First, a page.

Pausing campaign donations is an empty gesture. Cutting off Rick Scott’s NRSC isn’t.
Rick Scott. Image via AP.

Rick Scott
If these corporations want to make a difference, they could start by pledging not to make any contributions to the NRSC.

Some of the country’s largest corporations have put political donations on hold in the wake of last week’s violent riot at the U.S. Capitol.

Facebook, Google and Microsoft joined the chorus on Monday, vowing to stop contributions for the time being.

“Following last week’s awful violence in DC, we are pausing all of our PAC contributions for at least the current quarter, while we review our policies,” Facebook spokesperson Andy Stone said in a statement.

Other companies have taken a more surgical approach. Marriott, for instance, said it will only withhold donations to Republicans who voted not to certify President-elect Joe Biden’s Electoral College victory last week.

But what good does that do?

The election was more than two months ago and the Georgia runoff ended last week. Now it’s January in an off-year for elections and candidates won’t be really clamoring for money for a while. As it stands, it’s an empty gesture.

It doesn’t have to be, however.

If these corporations want to make a difference, they could start by pledging not to make any contributions to the National Republican Senatorial Committee.

With Democrats set to retake control the Senate, the NRSC will be fighting tooth and nail to regain the GOP majority in the upper chamber next year.

U.S. Sen. Rick Scott will be the Republicans’ field general in that effort. It was a position he fought hard for, winning the support of his fellow Republicans in the Senate.

But Scott was also one of just a handful of Senators who voted against certifying Biden’s victory in Pennsylvania, and his vote came after the violent pro-Trump mob forced Congress to evacuate the Capitol.

Scott’s vote showed wanton disregard for our democratic republic. While he has tried to play the fence sitter in the days since by condemning the violence, his vote furthered baseless conspiracies about election fraud and tacitly validated the lawlessness on display Wednesday.

He should not be rewarded for it with millions in campaign cash, which he will most certainly use to try and elect Republicans who would have voted the same way if given the opportunity.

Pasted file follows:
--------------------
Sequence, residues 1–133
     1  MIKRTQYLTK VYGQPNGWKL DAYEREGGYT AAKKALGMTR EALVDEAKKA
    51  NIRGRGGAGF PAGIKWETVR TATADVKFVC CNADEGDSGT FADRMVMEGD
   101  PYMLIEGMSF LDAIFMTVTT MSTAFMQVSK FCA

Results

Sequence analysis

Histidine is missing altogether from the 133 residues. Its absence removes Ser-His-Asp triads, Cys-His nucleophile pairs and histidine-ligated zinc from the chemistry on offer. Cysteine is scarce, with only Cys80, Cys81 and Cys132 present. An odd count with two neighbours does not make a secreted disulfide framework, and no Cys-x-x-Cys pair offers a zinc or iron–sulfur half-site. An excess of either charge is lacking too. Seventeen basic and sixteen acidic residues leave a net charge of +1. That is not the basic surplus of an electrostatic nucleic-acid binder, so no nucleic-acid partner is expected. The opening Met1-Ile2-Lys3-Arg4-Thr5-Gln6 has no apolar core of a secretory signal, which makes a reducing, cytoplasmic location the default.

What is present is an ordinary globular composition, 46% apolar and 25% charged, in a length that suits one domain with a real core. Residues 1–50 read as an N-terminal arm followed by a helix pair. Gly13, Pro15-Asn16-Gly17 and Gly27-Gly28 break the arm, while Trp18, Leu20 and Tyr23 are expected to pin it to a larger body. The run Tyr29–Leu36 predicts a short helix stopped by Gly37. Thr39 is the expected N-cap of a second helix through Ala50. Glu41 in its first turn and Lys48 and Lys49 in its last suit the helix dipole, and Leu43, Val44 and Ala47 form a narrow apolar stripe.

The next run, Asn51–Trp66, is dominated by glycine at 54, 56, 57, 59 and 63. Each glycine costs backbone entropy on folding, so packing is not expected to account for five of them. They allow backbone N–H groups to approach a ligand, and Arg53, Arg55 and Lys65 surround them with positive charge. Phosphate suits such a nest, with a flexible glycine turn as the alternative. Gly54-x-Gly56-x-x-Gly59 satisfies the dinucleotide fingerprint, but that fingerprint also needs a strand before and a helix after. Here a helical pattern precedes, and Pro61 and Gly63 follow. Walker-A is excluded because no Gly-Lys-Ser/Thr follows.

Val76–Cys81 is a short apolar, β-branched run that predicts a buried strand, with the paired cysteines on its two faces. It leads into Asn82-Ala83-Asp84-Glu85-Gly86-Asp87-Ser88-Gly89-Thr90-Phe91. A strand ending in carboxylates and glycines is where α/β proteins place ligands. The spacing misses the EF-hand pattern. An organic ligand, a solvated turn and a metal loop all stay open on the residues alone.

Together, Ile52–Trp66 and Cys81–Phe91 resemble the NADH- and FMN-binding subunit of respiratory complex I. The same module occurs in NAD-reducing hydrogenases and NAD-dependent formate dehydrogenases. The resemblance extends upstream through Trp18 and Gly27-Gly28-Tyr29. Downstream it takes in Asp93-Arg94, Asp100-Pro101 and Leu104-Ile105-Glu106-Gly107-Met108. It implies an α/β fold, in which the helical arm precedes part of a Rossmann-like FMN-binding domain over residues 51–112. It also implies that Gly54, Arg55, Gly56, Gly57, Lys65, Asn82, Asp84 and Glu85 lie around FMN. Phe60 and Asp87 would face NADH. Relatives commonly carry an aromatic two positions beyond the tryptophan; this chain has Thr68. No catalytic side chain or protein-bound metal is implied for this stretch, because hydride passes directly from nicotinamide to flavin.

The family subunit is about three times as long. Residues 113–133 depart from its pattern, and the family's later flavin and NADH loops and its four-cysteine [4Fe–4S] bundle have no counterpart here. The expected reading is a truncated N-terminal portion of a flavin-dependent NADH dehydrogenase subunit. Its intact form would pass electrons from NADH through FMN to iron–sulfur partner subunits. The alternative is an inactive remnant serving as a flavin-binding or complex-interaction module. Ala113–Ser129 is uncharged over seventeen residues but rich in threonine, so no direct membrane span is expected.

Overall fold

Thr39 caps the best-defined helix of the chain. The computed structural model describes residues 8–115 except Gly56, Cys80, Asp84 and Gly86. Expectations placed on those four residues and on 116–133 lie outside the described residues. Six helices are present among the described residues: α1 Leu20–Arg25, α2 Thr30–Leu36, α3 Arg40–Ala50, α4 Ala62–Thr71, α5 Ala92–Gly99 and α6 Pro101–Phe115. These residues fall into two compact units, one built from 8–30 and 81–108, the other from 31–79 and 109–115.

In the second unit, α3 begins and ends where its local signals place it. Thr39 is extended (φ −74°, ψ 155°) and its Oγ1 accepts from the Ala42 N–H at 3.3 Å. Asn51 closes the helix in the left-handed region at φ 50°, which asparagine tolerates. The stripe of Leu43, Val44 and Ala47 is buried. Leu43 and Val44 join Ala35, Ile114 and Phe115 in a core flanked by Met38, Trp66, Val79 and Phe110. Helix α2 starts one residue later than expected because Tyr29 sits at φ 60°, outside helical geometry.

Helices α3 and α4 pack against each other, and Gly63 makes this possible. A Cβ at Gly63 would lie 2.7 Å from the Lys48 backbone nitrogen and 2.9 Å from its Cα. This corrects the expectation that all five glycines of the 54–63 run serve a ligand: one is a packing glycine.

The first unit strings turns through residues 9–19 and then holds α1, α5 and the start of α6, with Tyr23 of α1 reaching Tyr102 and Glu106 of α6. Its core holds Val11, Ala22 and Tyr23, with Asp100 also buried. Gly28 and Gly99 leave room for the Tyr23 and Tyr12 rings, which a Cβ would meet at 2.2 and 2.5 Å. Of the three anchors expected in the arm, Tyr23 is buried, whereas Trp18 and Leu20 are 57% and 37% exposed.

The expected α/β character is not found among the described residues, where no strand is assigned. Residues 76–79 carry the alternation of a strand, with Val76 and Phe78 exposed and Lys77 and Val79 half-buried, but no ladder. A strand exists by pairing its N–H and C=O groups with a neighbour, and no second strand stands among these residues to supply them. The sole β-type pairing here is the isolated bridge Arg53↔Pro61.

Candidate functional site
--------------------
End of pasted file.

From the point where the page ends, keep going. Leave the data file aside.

Update

Peter Schorsch

Peter Schorsch is the President of Extensive Enterprises and is the publisher of some of Florida’s most influential new media websites, including Florida Politics and Sunburn, the morning read of what’s hot in Florida politics. Schorsch is also the publisher of INFLUENCE Magazine. For several years, Peter's blog was ranked by the Washington Post as the best state-based blog in Florida. In addition to his publishing efforts, Peter is a political consultant to several of the state’s largest governmental affairs and public relations firms. Peter lives in St. Petersburg with his wife, Michelle, and their daughter, Ella.


2 comments

  • Sonja Fitch

    January 11, 2021 at 5:41 pm

    Lol Nazi Rick gonna have to use your own Ill-gotten gains! Expulsion is in your future nazi rick!

  • Booner

    January 13, 2021 at 3:18 pm

    All Greedy Rick Scott knows is money – to his pocket, to his pet projects, to his grifter friends seeking Florida state contracts.

    We’ve watched him vote to overturn an election which he knows was conducted fairly. Rick Scott is a failed insurrectionist and seditionist who is lockstep with Donald Trump. History will never forget his betrayal of the US Constitution.

    The Democrats should rewrite Federal election law to severely limit contributions. Meanwhile the money for Senatorial Campaign contributions will dry up. Hit him where it hurts.

    Rick Scott obstructs the will of Floridians and is unfit for office. Resign now! Slimy, odious Snake.

Comments are closed.


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